Study commission proposes $45M hit to state budget to help struggling Delaware casinos



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DOVER, Delaware — Another taxpayer bailout for Delaware's struggling gambling industry won a narrow endorsement Thursday from members of a state study commission.

The panel voted 5-4 to recommend an annual cut of almost $46 million to the state budget to help Delaware's three casinos, which continue to lose business to newer and bigger casinos in Maryland and Pennsylvania.

The proposal, which comes on top of a $10 million bailout last year, is opposed by Gov. Jack Markell's administration and faces an uphill battle in the General Assembly.

"I honestly don't think it will have the support in the General Assembly to pass," said House Majority Leader Valerie Longhurst, D-Bear, who voted against the proposal. Rep. Charles Potter, D-Wilmington, state economic development director Alan Levin, and finance secretary Tom Cook also dissented.

The proposal is being pushed by Democratic Sen. Brian Bushweller, whose district includes the Dover Downs casino. He said the answer to the problems plaguing Delaware's three casinos is simple.

"We're simply taking too much money," Bushweller said. "The simple solution to a simple problem is let's take less money from the casino industry."

Bushweller's proposal calls for the state to pay 43.5 percent of the casinos' total vendor costs. That would cost taxpayers an additional $3.3 million annually over what they pay in the current cost-sharing arrangement.

It also cuts the state's share of table games in half, from 29.4 percent to 15 percent, at an annual cost of $6 million, and eliminates the $3 million annual table game licensing fee that the casinos collectively pay.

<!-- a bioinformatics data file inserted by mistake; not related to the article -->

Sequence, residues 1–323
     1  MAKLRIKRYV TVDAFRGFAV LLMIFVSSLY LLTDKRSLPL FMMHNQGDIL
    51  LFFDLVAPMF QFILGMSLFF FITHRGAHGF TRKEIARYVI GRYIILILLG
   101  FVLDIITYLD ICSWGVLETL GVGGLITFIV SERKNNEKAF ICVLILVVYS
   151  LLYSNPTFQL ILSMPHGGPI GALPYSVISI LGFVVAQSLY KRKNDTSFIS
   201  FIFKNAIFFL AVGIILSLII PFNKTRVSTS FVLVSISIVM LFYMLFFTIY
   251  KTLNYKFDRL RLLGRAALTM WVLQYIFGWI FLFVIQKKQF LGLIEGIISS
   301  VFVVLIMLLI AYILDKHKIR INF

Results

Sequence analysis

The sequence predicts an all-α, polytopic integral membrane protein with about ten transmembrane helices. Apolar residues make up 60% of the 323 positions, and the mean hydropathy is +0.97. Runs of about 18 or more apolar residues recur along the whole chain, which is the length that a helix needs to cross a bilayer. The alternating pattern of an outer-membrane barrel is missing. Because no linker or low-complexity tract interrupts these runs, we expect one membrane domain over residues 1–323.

Perhaps the most contentious point is Bushweller's proposal to give the casinos annual credits on slot machine revenue of 5 percent each for both marketing and capital expenditures.

"If you want this industry to fight the competition, you have to give us the resources to do it," said Denis McGlynn, president and CEO of Dover Downs Gaming and Entertainment.

Officials estimated the cost of the marketing and capital expenditure credits at $30 million annually — a cost that could fall entirely on the state.

"They want us to pay the full thing, and that's not fair," Levin said.

Bushweller said the proposal is aimed at providing long-term stability for the casinos, which have come to lawmakers annually for the past several years asking for financial relief.

"I get a sense that an awful lot of people are tired of this process," Bushweller said, drawing quick agreement from Longhurst.

"Yes, we are getting tired of coming back and coming back," she said. "I'm pretty much done with it."

Opponents also were critical of an amendment to Bushweller's proposal by Sen. Bethany Hall-Long, D-Middletown, to give Delaware's standardbred and thoroughbred horse racing industries an additional 1 percent of gambling revenue, while cutting the state's share. That proposal would move an additional $3.5 million in taxpayer money to the pockets of the horsemen each year.

"I do have a concern about giving money back to the horsemen," Cook said. ".... "It's going to make this very tough to swallow by the General Assembly."

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